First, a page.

Niel: If you live in the house, then you can replace the light fitting (with similar type) yourself as long as you don't change (extend) wiring. No need for an electrician.
Electrician in Wellington that got fittings certified to NZ-specific standards. You can pick the exact colour temperature you want (we got 4000K). I've replaced ~30 fittings in my house, just did not bother with the garage and outside. Cost a fair bit, but done once and done right with good quality parts locally supplied at a reasonable price.
nicmair: So if I am faced with replacement, would I not be better off replacing with 240V GU10 style (so long as they fit in the hosuing) and do away with the transfomer completely.
- good feedback
You can never have enough Volvos!
Niel: A mains rated LED lamp will always run hotter and be less reliable than one with an external power supply (like the web site I've linked to). This is because in addition to being constrained by a tiny space for a heat sink inside a confined fitting, a 240V bulb also has the power supply built into the base which dissipates approximately 15% due to its inefficiencies. And the cheap bulbs from overseas have not been tested for EMC/EMI compliance including coping with surges. Best is to do it right.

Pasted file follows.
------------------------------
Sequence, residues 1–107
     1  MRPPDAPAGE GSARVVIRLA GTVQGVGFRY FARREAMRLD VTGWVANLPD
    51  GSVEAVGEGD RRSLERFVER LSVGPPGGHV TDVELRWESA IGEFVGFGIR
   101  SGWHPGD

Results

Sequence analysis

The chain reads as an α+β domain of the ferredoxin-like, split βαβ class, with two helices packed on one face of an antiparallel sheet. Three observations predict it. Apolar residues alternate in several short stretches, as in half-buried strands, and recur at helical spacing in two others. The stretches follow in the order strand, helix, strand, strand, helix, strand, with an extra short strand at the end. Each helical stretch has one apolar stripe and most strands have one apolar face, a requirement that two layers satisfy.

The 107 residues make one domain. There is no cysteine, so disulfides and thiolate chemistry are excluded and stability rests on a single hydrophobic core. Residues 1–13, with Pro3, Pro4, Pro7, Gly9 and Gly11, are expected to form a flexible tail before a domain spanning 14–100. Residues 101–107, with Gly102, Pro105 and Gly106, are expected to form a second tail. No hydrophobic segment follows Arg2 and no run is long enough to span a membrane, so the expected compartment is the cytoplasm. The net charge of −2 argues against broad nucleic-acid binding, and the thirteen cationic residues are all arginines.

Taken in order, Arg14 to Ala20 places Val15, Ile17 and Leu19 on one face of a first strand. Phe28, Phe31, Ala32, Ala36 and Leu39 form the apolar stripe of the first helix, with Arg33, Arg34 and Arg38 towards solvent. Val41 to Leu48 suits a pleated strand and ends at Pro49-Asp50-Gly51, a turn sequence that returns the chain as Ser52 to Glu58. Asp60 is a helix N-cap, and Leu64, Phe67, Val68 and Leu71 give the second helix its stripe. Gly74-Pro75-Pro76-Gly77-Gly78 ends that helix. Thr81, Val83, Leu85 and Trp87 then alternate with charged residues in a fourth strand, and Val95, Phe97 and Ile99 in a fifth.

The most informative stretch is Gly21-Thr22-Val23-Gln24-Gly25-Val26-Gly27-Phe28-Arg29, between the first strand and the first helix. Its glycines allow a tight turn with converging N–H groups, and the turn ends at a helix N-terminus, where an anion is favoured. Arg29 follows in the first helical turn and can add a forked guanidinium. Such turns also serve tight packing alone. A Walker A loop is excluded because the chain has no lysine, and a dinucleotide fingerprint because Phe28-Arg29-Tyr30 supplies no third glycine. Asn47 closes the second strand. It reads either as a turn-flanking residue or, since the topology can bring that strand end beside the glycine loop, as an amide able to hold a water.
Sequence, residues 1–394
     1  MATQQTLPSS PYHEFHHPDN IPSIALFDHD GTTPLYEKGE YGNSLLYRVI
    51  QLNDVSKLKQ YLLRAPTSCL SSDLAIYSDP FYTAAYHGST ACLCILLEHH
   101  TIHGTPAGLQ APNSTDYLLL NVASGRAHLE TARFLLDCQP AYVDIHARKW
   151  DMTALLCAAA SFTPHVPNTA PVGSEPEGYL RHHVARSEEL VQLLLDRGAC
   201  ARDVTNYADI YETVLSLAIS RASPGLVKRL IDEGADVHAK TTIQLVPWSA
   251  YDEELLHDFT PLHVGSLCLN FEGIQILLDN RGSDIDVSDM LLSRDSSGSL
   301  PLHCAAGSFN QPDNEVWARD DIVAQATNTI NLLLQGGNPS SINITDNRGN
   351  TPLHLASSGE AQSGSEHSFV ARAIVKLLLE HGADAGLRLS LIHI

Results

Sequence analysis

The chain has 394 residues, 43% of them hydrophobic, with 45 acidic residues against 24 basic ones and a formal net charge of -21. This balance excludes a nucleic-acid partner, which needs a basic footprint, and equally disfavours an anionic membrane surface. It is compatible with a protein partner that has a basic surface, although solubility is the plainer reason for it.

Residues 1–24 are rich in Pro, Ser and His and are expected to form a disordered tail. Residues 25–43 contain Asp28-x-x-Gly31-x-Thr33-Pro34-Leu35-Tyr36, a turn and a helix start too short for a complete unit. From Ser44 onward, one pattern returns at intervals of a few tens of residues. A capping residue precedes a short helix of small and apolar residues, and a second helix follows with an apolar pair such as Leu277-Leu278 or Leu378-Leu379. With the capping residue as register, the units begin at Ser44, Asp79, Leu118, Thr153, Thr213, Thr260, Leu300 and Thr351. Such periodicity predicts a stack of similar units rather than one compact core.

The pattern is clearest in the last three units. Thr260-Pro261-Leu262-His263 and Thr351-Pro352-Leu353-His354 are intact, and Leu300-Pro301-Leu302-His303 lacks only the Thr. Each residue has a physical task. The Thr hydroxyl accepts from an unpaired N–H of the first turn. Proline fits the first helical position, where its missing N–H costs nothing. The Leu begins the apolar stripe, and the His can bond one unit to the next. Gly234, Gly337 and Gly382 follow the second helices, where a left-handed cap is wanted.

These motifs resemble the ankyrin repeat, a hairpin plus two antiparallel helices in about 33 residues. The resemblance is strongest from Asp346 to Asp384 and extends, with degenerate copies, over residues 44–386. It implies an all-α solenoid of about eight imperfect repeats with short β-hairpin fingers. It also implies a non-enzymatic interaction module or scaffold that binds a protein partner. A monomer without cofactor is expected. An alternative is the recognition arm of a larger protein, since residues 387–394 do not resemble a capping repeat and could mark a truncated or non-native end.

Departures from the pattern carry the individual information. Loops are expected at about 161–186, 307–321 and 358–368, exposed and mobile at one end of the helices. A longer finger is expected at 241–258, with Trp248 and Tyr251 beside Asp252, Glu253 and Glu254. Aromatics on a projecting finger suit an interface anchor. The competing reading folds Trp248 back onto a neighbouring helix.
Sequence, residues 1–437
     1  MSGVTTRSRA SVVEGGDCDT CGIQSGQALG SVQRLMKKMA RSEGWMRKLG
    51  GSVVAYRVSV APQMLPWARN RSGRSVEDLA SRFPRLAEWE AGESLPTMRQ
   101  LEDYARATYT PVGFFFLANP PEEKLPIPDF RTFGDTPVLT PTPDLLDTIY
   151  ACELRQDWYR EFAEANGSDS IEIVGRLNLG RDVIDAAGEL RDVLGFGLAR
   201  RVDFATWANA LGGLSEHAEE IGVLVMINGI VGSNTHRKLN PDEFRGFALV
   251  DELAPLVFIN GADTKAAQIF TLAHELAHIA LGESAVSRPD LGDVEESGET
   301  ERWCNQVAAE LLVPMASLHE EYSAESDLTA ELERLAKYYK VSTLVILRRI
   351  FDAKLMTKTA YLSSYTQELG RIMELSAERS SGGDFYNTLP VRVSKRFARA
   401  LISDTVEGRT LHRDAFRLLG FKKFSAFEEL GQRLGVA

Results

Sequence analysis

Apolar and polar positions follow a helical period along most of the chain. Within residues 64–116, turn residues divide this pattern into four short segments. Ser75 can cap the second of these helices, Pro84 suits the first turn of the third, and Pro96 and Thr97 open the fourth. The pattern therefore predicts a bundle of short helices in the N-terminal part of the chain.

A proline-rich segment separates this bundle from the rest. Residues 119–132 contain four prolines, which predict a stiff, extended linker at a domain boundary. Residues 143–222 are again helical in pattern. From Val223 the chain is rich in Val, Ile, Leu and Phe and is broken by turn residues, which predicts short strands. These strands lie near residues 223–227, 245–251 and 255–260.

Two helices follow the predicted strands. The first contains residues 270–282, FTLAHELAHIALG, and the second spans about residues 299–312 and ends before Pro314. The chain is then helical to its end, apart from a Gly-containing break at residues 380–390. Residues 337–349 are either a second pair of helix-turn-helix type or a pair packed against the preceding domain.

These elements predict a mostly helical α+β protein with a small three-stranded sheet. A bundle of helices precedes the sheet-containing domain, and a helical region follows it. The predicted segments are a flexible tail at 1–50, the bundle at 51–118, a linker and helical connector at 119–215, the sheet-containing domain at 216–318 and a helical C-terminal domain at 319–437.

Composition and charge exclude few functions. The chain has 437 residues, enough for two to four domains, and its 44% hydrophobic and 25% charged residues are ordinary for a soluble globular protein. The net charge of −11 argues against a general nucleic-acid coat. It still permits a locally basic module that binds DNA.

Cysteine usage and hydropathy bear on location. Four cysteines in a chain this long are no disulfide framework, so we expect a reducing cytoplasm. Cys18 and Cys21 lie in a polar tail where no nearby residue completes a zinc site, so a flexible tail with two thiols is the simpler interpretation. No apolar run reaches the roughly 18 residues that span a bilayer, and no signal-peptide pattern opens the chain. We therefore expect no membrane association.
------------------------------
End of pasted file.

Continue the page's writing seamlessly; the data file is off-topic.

The bulbs that do pass EMC/EMI interference most likely started their life as cheap bulbs from overseas, these companies that test a batch of LEDs (most likely at little cost) from a Chinese supplier then use that compliance to justify every subsequent bulb sold at an some elevated price to feed their disgusting corporate profits.
- Epistar Cob, 80 cents
For someone who want to install once and not worry about the bulb for 10 years then great, spend $20.
frankv: I think it's actually the opposite...
Phillips contracts someone in China to make bulbs at (say) $10 a shot, with high quality standards. The ones that fail the testing are supposed to be destroyed, but are in fact on-sold to some third party for (say) $1 each. These are then retested to a lower standard (i.e. do they appear to work adequately?). If they pass this, they're sold at $5 a shot.
In this scheme of things, you can perhaps guarantee that any cheap bulb will NOT meet Phillips' standards. They may still be adequate for your standards, or not.
The extra $15 you pay to Phillips is for the guarantee. And Phillips' profits.
Some further testing I did confirmed
a) the plastic on the led base is of the non flammable type, it bubbled but never held a flame